Remember that the athlete is not providing his testimony for free. He is probably being paid very well to endorse the product. He may even believe that the product worked for him. That is not proof that it will work for you or anyone else. As an athlete, you should never take any kind of product, or supplement of any kind, without doing some research and asking questions. At least your decision to use or not use the product will be an informed one. Blindly ingesting something into your body because someone told you that it worked; or you read a brochure describing the product, is a sure path to possible side affects and problems that could affect your health and your career. Be prepared to be disappointed when you don’t get the results that were promised.

An athlete should be leery of any claim made by a manufacture of any supplement that you have to put into your body. In most cases, the supplement has not been scientifically proven to work, the product has not been tested on young adults, the side effects are not known, and long-term effects are also unknown. The manufactures are taking advantage of a certain need that athletes have to improve, and will do anything to gain an advantage over their competitors. In other words the athlete will believe anything, or take anything to win the “gold”; and the manufacturer will say anything, or do anything, to sell the athlete their product.


Typically, the argument for use of most products that are sold by many manufactures is based on flawed logic. A good example of this logic is royal jelly. It is assumed that what is good for the queen bee is also good for humans. The queen bee is fed royal jelly by the worker bees. As a result she grows twice as large and lives 50 times longer than other bees. That is fine for the bee; but who is to say that it’s any good for humans? Yet, manufactures of royal jelly espoused the great benefits for humans without any proof that it worked, charging great sums of money for their products. This was one of the biggest rip-offs in the history of the food supplement industry. Unfortunately this is the way that many of the manufactures of supplements for athletes market and sell their worthless products. Supplements such as royal jelly are often better at making profits for their manufacturers then they are at enhancing sports performance.

When it comes to deciphering health claims, a healthy dose of skepticism and a bit of common sense can help an athlete steer through the maze of products that are offered. You want to question whether the supplement in question is LEGAL, SAFE and EFFECTIVE and what the SIDE EFFECTS and LONG TERM EFFECTS are. Common sense tells you that securing this information requires looking past the promotional hype, advertisements and anecdotal reports put out by the manufactures. If they cannot provide answers to your questions, then it would be foolish, and sometimes dangerous, to take their product.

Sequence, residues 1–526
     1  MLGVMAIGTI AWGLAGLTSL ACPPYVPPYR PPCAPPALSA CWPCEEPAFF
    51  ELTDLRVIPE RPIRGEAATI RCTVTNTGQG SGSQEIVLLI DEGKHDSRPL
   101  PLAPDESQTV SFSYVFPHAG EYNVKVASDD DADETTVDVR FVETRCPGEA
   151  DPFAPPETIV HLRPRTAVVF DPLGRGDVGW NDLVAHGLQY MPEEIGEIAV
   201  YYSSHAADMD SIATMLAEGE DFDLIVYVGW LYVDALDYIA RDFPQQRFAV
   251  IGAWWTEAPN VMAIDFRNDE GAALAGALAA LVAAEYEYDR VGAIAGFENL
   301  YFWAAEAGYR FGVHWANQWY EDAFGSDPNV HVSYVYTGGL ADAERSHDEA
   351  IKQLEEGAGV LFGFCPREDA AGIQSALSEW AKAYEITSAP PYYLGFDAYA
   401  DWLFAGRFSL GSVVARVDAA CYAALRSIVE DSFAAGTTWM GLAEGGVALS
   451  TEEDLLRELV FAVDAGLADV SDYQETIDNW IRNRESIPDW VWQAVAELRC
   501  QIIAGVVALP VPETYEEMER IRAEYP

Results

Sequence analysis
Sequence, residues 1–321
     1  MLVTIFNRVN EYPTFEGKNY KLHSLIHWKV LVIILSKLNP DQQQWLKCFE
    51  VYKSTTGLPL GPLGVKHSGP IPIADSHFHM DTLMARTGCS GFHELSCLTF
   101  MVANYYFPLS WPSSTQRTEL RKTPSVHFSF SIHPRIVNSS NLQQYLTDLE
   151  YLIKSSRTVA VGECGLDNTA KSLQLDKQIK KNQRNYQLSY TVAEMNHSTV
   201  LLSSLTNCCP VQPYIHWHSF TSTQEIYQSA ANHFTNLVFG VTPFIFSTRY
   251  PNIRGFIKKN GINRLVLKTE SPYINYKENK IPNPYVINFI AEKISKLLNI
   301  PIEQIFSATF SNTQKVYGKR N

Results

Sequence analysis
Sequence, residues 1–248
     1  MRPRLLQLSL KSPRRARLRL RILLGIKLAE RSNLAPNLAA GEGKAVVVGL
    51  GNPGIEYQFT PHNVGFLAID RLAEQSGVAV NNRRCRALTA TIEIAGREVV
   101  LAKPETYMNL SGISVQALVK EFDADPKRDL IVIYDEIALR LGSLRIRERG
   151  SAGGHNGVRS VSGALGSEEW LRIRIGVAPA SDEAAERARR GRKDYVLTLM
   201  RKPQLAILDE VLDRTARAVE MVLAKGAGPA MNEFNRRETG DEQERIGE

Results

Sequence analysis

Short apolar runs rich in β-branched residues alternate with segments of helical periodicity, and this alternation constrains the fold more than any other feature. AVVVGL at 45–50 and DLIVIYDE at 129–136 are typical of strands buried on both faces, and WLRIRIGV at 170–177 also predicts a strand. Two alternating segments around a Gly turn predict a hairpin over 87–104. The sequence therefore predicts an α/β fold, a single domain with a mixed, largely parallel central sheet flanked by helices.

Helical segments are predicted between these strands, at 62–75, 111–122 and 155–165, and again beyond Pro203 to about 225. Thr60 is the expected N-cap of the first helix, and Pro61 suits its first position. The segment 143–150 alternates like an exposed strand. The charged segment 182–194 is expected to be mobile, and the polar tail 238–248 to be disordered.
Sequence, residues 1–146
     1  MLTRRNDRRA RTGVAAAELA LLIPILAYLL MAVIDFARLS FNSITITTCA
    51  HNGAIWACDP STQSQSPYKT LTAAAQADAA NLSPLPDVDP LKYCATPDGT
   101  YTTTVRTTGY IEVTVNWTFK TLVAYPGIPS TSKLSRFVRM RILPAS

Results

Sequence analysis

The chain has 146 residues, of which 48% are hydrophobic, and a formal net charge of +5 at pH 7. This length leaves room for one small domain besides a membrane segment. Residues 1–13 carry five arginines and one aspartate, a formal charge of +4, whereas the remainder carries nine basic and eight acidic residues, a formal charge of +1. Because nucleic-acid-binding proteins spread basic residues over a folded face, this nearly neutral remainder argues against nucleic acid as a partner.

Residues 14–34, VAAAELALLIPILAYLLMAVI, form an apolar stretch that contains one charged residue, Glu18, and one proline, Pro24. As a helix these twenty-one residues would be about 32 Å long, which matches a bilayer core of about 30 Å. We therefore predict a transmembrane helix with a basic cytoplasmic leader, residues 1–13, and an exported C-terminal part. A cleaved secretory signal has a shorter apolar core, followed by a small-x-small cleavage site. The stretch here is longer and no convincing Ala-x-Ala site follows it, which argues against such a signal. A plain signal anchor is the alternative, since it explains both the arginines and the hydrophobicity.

The facts are that manufactures do not have show proof that a supplement works, they do not have to proof that it is safe, they do not have to show long term effects, they do not have to list all of the ingredients in the product, and they do not have to conform to any standards of how much to take or how often to take it. They simply decide for themselves based on what makes a profit for the company. Typical approaches used include presenting information that may not be accurate, or that has been taken out of context, failing to provide scientific research when asked (it’s “ongoing” or not available to the public), relying on testimonials from athletes and authority figures ( eg, “research scientists” or Dr. Van Hamburger) who are most likely paid to endorse the product, or conducting and reporting their own research without having it published in journals where other scientists have a chance to evaluate it.

Be leery of general, broad claims such as “slows aging” or “speeds up your metabolism,” that promise to have a positive effect on a complicated, multifaceted process in the body. Be alert to “miracle,” “secret,” and “effortless effects” like “have six-pack abs with only one minute a day on our electrical stimulus machine,” or “eat all you want and lose weight at the same time.” When “scientific” mumbo jumbo appears, read it more closely. Be a bit curious about the percentage of people who “may” be deficient and why you “may” be deficient, rather than “are” deficient. Be wary of he “health assessment” or “fitness program” that is designed to find faults in your health that can only be rectified by one or more supplements. Contact the manufacture for more information about alleged benefits and request copies of, or references to, scientific articles reviewed or published in reputable medical journals. Better yet, contact experts in the field such as doctors or athletic trainers, and specialists in the field of sports medicine and exercise physiology.